Some are tags identifying the ruling deities, which were written in Greek. No surprises there: The city of Capitolias, also known as Dion, was part of the Decapolis, a loose grouping of semi-autonomous Hellenistic cities on the eastern frontier of the Roman empire, between modern-day Israel, Jordan and Syria.
However, looking closely, the researchers found other texts written using Greek letters but in Aramaic, which was widely spoken by the local Semitic peoples of the Near East.
The fun part is that these writings look like nothing so much as the speech bubbles in comic books: the characters shown offer explanations of what they are doing or what is happening to them, says Jean-Baptiste Yon, another CNRS researcher.
Yon gives some examples of these ancient (and not particularly humorous) comics from the scene of the construction site, in which one character says “I am cutting (stone).” Another, perhaps the victim of an accident, exclaims “Alas for me! I am dead!” Experts are still working on deciphering more inscriptions.
These might not be the first comics in history: the ancient Egyptians also combined illustrations and texts to tell a story. Some even consider the depictions of hunting scenes on the walls of Stone Age caves to be the prehistoric equivalent of today’s graphic novels.
It could be said these are the first-known Greco-Aramaic comics, and what is certain is that the mixing of the two main languages of the Roman Near East as was done in the Capitolias inscriptions is a very rare phenomenon, the researchers involved say. It also produces bizarre grammatical effects, such as the fact that the Aramaic words transcribed in Greek letters include vowels. Aramaic is written without vowels, as is its close linguistic relative, Hebrew.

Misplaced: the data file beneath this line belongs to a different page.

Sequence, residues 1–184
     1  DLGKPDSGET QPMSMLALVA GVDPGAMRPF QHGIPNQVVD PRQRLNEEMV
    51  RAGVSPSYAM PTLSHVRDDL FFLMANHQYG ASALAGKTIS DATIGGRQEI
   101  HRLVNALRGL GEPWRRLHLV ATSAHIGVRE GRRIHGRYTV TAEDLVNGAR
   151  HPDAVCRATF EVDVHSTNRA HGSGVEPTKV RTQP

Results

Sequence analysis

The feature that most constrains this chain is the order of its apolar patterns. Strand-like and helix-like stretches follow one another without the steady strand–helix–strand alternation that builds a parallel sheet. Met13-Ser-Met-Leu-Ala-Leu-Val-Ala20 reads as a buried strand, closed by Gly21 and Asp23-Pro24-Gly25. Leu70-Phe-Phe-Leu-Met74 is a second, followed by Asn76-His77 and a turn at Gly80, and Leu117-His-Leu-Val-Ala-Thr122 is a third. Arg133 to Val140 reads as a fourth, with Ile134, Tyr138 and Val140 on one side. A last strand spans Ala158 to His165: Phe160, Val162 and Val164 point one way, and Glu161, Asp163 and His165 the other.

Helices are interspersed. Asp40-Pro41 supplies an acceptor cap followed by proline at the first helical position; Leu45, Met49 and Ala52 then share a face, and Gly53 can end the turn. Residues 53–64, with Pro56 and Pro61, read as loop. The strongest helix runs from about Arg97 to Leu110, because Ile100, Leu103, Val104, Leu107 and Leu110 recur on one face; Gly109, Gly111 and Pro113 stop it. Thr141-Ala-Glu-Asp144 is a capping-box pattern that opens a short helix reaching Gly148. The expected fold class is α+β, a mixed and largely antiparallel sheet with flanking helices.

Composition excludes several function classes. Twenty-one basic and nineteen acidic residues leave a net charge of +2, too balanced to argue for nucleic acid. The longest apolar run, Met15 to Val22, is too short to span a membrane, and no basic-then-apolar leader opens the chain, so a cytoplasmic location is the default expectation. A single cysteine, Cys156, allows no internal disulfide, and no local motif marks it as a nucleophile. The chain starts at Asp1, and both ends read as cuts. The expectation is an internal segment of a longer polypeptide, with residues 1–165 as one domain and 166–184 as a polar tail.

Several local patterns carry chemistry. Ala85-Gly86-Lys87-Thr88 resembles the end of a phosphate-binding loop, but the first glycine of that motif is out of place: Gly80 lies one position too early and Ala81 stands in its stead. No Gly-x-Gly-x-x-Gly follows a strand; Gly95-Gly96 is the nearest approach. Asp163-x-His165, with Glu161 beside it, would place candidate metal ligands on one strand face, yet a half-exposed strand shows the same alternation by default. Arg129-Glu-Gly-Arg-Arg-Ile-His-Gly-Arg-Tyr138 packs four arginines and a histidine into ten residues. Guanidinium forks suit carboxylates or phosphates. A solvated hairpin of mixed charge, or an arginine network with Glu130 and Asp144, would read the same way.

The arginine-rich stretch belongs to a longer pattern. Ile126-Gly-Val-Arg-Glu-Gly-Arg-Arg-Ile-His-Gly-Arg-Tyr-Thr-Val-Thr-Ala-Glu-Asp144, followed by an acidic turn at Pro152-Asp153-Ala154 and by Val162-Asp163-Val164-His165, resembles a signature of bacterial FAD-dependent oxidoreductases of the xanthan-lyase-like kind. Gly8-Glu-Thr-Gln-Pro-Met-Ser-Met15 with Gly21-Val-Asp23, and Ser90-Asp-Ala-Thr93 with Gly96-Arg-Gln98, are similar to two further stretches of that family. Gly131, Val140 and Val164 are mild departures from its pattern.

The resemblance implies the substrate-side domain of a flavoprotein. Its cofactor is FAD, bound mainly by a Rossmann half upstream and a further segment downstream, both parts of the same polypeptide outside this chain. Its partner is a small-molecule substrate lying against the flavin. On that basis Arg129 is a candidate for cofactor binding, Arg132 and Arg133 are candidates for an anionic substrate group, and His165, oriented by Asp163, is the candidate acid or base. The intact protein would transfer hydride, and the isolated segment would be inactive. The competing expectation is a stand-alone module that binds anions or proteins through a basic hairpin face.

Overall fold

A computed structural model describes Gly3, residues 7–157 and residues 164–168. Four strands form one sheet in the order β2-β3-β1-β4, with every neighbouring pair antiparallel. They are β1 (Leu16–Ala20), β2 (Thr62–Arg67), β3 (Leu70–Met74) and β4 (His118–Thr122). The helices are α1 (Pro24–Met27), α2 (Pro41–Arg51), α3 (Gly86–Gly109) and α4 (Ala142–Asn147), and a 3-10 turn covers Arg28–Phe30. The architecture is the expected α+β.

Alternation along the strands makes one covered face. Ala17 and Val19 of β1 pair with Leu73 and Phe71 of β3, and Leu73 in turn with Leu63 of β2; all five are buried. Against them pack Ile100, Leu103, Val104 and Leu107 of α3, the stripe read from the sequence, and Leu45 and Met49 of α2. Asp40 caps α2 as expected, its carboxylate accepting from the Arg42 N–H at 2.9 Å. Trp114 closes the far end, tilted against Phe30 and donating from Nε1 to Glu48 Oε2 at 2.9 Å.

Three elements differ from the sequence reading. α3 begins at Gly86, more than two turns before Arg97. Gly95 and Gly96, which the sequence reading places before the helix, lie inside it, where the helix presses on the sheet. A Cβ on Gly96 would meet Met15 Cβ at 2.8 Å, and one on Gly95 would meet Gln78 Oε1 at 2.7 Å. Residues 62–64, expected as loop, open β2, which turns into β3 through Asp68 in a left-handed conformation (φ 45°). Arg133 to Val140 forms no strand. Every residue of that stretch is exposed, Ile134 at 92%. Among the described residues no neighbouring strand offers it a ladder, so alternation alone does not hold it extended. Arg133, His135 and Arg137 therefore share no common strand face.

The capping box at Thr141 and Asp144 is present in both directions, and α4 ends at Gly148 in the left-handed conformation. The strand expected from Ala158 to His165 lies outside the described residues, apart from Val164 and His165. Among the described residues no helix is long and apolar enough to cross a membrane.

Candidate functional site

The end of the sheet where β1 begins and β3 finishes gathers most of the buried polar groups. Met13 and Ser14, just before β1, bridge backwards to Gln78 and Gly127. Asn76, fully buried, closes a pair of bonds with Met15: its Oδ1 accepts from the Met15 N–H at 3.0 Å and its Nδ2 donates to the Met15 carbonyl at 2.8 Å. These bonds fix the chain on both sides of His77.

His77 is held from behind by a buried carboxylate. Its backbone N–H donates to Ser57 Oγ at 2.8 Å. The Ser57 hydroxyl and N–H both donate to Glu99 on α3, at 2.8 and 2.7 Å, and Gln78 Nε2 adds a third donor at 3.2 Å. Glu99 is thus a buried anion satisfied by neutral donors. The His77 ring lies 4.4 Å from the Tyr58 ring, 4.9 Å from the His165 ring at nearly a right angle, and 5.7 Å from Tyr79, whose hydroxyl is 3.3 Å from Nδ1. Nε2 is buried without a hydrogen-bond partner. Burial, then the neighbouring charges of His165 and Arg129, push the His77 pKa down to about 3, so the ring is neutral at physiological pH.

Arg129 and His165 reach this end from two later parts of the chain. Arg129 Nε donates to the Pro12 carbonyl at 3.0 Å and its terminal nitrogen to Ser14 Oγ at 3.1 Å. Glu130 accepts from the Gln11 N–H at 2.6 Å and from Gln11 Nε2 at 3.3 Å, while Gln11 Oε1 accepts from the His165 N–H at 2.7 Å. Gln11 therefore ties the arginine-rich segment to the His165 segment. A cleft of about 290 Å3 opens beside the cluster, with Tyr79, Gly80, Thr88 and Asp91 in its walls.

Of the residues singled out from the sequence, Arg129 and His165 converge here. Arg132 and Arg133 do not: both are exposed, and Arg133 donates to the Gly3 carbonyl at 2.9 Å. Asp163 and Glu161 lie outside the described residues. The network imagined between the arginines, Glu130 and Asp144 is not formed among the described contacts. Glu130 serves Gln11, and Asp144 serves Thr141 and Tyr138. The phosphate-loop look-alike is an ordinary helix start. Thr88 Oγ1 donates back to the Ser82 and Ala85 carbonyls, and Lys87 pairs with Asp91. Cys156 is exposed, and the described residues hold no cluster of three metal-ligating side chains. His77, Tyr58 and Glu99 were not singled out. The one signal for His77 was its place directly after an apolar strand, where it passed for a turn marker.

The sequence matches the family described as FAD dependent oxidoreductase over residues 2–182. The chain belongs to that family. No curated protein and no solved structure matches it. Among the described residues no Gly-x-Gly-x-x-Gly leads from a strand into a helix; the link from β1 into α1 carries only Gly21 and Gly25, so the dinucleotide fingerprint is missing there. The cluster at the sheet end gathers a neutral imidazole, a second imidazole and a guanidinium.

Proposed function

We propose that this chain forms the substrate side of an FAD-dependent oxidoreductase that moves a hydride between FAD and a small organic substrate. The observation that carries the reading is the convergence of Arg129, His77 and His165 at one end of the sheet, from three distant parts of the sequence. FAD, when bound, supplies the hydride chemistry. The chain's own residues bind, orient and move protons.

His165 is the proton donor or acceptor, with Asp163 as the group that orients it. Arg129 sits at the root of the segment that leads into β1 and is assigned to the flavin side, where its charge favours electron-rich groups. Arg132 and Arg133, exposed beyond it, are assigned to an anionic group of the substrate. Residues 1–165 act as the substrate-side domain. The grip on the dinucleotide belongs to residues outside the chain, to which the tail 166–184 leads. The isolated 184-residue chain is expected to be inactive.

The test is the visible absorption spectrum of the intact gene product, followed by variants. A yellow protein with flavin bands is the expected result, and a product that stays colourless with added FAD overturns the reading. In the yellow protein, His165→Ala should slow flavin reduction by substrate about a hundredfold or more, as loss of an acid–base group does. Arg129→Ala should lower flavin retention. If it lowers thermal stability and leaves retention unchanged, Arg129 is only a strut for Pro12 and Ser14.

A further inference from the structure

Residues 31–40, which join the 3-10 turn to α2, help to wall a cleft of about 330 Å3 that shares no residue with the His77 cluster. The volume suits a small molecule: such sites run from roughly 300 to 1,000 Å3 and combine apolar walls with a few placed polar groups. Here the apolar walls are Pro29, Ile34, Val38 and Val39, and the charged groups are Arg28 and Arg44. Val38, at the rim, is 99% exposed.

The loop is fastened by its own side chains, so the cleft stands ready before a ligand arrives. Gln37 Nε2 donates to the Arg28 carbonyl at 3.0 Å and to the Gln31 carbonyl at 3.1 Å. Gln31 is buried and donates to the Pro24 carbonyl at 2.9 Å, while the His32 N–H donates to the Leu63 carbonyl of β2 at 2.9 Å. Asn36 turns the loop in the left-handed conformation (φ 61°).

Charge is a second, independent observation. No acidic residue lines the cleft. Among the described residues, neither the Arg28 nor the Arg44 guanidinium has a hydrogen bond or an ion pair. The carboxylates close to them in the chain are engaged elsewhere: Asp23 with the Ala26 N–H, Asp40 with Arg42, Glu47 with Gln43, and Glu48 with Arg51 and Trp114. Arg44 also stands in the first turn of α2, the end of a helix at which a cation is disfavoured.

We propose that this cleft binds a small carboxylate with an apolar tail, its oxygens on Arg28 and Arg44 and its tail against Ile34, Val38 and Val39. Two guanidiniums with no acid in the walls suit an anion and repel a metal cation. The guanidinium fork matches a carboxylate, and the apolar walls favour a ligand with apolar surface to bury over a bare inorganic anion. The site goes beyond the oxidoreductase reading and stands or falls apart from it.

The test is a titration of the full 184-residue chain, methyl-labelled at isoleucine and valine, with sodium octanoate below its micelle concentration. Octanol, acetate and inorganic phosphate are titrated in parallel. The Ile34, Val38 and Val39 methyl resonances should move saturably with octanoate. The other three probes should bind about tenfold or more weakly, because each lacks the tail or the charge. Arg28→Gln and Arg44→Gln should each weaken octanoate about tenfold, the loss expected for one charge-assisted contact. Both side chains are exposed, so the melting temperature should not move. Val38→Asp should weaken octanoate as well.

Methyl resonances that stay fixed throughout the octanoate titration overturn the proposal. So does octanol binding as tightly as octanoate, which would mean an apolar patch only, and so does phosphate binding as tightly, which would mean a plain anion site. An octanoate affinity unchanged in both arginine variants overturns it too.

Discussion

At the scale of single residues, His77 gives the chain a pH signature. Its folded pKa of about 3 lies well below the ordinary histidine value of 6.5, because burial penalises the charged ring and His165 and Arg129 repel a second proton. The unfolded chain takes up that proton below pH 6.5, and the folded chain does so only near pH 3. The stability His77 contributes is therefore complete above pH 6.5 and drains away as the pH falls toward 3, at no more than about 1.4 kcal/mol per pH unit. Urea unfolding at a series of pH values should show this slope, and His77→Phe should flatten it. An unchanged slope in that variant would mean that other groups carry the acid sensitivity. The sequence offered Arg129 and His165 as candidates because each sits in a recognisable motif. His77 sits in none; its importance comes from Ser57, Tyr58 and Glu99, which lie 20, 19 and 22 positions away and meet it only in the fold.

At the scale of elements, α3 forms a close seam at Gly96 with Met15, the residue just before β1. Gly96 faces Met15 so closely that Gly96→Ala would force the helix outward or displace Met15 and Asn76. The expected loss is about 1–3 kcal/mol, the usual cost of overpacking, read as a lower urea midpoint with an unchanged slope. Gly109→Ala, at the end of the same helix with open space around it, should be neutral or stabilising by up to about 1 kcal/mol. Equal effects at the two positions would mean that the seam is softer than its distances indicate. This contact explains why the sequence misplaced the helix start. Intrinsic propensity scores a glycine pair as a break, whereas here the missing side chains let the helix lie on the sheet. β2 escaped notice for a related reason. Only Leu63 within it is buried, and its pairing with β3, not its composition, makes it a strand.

The writings from the tomb in Capitolias will offer a wide range of material for studies on Aramaic and its evolution, Yon concludes.
They also tell us a lot about the atmosphere and inhabitants of this ancient town and its neighboring city states. The Decapolis – named like this because it initially included 10 cities, though it was later expanded to up to 14 – was formed starting in the 1st century B.C.E. and ranged from Damascus in the north to Philadelphia (modern Amman) in the south. It also included two cities in what is today Israel, Beit She’an and Hippos-Sussita.
While these Decapolis cities were intended to be friendly bulwarks of Greco-Roman culture on the restive frontier of the empire between Syria and Judea, they were clearly not impermeable to local cultural and religious influences. Judging by the texts in the tomb, the inhabitants spoke Aramaic in conducting their daily affairs, just like the other populations of the Levant. And, while the burial in Capitolias is unmistakably pagan, previous finds at another member of the Decapolis, Abila, have shown that at least some of these Hellenistic cities had a Jewish community.
A deeper understanding of this cosmopolitan grouping of city states may emerge from further study of the Capitolias tomb, which is being supported by a consortium of French, Italian and U.S. institutions, as well as the Jordanian Department of Antiquities.
The department’s general director, Monther Jamhawi, recently told the Jordan Times that authorities are also working to make the unique burial accessible to tourists.